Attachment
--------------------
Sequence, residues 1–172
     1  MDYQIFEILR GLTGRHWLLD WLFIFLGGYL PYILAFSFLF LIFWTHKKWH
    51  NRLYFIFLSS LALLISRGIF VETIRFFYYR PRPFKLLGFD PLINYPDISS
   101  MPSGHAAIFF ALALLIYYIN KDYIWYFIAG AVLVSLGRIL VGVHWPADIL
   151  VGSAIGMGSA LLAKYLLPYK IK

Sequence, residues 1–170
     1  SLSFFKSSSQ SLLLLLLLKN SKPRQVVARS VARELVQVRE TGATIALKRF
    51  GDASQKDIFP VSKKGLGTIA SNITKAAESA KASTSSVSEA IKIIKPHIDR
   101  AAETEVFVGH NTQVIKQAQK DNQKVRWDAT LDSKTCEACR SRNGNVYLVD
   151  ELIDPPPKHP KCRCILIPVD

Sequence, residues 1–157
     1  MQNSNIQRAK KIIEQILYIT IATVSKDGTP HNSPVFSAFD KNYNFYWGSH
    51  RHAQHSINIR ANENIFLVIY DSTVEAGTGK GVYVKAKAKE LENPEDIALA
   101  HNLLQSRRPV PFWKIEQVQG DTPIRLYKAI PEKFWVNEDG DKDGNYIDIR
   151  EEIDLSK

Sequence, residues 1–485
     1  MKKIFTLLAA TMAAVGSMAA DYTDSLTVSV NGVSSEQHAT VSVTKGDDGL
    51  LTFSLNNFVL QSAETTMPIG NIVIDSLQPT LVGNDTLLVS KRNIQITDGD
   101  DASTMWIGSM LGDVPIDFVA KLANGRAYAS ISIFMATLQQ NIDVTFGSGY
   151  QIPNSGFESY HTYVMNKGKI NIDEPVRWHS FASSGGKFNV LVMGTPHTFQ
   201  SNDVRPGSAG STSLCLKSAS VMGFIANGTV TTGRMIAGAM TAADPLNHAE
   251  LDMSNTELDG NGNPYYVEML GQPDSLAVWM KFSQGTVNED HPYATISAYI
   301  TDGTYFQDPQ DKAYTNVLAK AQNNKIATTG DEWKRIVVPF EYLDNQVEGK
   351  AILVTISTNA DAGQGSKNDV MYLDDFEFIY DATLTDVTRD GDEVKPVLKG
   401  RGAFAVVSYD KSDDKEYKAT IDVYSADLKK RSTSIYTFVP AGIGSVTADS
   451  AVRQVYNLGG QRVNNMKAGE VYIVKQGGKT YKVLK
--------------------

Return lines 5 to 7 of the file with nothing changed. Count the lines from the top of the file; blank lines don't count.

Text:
   151  VGSAIGMGSA LLAKYLLPYK IK

Sequence, residues 1–170
     1  SLSFFKSSSQ SLLLLLLLKN SKPRQVVARS VARELVQVRE TGATIALKRF